My neighbor asked me if I thought John the Baptist was a reincarnation of Elijah. I said that the Bible doesn’t say that and doesn’t deal with reincarnation, but as I was looking through Matthew 11 and 17, I noticed something cool starting with 11:7:
As they went away, Jesus began to speak to the crowds concerning John: “What did you go out into the wilderness to see?A reed shaken by the wind? What then did you go out to see? A man dressed in soft clothing? Behold, those who wear soft clothing are in kings’ houses. What then did you go out to see? A prophet? Yes, I tell you, and more than a prophet. This is he of whom it is written,
“‘Behold, I send my messenger before your face, who will prepare your way before you.’”
Jesus says John is a prophet, even more than a prophet. Recall that the OT prophets of God did some rocking things back in the day: Elijah raised the dead, parted a river, extended food, called down a famine, called down fire upon a water-soaked altar in a duel of gods, and left the earth on a chariot of fire, for starters. Moses had his share of deeds with Pharoah, bringing water from rocks, et cetera. These guys demonstrated fantastic acts with the power of God, but verse 11 says that among those born of women, John was greater than these.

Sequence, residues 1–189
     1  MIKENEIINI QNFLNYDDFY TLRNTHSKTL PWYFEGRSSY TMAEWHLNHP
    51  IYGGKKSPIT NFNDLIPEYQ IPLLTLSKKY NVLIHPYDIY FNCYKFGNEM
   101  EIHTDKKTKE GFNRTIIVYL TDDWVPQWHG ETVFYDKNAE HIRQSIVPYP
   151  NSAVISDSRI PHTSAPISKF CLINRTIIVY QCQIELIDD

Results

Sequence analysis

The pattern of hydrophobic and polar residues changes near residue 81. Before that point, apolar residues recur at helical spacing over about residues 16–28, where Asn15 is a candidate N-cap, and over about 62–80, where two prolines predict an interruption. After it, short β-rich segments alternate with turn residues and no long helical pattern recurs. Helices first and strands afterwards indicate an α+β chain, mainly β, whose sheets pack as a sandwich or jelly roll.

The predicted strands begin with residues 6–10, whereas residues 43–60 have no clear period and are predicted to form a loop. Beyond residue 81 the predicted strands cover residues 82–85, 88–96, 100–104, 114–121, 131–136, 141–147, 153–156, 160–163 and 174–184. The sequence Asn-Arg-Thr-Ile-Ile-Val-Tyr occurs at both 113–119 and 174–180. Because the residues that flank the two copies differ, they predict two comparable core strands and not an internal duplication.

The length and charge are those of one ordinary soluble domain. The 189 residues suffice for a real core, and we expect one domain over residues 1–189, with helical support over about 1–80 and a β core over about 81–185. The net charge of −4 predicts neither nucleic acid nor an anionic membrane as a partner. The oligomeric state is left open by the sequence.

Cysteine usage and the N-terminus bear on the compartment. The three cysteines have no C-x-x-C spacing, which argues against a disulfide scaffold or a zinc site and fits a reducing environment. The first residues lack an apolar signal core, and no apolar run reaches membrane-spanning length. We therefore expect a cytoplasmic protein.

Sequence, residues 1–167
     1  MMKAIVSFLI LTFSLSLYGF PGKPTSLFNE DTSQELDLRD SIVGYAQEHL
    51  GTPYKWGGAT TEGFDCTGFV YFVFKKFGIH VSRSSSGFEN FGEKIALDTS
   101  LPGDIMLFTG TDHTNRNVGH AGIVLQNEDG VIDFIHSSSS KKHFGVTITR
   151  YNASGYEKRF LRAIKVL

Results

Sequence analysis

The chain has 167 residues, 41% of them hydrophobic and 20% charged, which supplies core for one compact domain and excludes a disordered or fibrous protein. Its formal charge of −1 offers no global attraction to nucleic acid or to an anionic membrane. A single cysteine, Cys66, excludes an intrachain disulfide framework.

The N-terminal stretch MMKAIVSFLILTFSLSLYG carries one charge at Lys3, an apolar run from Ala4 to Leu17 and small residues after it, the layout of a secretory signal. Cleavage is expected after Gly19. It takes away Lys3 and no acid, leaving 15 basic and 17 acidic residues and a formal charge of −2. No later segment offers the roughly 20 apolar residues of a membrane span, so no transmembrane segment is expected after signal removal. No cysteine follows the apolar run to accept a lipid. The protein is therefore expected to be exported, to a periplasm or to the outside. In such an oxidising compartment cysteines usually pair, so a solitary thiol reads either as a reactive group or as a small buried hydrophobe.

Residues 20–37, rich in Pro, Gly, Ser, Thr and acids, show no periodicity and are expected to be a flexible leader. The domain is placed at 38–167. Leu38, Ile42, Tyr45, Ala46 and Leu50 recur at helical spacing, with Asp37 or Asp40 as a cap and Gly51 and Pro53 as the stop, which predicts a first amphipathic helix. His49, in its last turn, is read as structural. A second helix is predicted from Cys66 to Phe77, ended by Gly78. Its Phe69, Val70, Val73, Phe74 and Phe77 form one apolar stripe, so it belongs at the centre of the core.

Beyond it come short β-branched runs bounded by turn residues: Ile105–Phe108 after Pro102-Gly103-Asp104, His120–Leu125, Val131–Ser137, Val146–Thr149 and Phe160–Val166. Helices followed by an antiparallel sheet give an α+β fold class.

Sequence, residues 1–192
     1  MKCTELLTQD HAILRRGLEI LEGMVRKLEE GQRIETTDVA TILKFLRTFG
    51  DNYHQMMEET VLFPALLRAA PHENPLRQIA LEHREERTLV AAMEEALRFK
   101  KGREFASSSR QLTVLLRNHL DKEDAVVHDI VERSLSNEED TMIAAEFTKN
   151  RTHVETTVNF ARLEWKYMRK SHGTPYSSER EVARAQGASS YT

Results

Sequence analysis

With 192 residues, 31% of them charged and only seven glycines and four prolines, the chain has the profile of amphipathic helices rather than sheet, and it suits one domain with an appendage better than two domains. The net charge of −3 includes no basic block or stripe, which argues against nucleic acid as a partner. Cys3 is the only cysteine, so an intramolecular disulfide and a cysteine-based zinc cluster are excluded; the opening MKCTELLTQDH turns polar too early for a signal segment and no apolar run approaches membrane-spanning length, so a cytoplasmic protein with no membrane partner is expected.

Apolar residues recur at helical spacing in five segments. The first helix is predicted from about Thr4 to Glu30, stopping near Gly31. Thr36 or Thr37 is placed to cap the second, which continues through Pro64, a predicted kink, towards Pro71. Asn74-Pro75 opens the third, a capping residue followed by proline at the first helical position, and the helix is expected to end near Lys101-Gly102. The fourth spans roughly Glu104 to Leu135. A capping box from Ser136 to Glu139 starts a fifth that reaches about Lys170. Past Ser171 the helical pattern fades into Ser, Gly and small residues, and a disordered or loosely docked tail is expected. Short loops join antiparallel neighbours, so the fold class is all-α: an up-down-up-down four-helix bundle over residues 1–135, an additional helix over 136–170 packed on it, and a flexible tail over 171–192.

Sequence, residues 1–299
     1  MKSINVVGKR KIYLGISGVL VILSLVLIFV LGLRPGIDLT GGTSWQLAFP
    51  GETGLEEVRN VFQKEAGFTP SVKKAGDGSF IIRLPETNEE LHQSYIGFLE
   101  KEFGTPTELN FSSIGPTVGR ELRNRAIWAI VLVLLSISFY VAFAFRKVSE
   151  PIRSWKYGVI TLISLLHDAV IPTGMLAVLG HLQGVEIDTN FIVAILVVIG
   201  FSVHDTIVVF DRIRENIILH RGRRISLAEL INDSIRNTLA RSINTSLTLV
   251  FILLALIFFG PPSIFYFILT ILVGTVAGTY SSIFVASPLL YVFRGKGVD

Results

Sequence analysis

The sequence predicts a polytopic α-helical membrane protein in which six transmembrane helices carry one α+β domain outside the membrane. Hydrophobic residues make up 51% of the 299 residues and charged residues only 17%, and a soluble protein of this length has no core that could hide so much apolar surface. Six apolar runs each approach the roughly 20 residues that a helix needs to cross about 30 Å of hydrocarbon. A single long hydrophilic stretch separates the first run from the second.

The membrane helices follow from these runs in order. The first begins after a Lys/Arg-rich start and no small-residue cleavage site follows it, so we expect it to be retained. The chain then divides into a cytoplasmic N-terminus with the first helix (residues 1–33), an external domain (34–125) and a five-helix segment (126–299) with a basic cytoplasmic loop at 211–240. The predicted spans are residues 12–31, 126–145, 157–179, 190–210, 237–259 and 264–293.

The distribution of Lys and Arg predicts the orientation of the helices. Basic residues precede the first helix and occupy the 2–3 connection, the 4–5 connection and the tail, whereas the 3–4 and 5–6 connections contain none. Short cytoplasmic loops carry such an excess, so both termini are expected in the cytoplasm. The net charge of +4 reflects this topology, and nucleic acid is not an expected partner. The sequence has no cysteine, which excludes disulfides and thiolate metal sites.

What did John do? He preached repentance. He baptized. He announced “the Lamb of God who takes away the sin of the world.” He decreased so that Christ would increase.
When we people talk about the power of God, often we don’t talk of the things John did. We like the Pharisees desire to see signs. We look for proof outside the Word that God is in our lives. Given the choice we would rather see Jesus heal the paralytic than forgive his sin. Those who would like to be seen as greatest of God seek the packed auditoriums, the landmark worship centers, and the best-selling books — although I hear “At the House of My Fathers” is pretty good.
The greatest man born of woman does the same things that Christ demands of our pastors. It is a better miracle that the message of a pastor convicts a person of his sin, and the Holy Spirit grants that man repentance. It is a better miracle that someone is baptized. It is a better miracle to announce the forgiveness of sins. And these better miracles continue with us today.
Please, Christian pastors. Warn us to flee from the wrath that is to come. Prune our dead trust in our own deeds. Ditch the how-to application sermons and the programs, trying to administer our lives better than we can, and deliver the hard-hitting Law that drives us to cry for mercy at the cross. Then we can be watered with a Gospel that causes us to bear fruit in keeping with repentance and gives us a thankfulness that lets us tell everyone what God has done for us.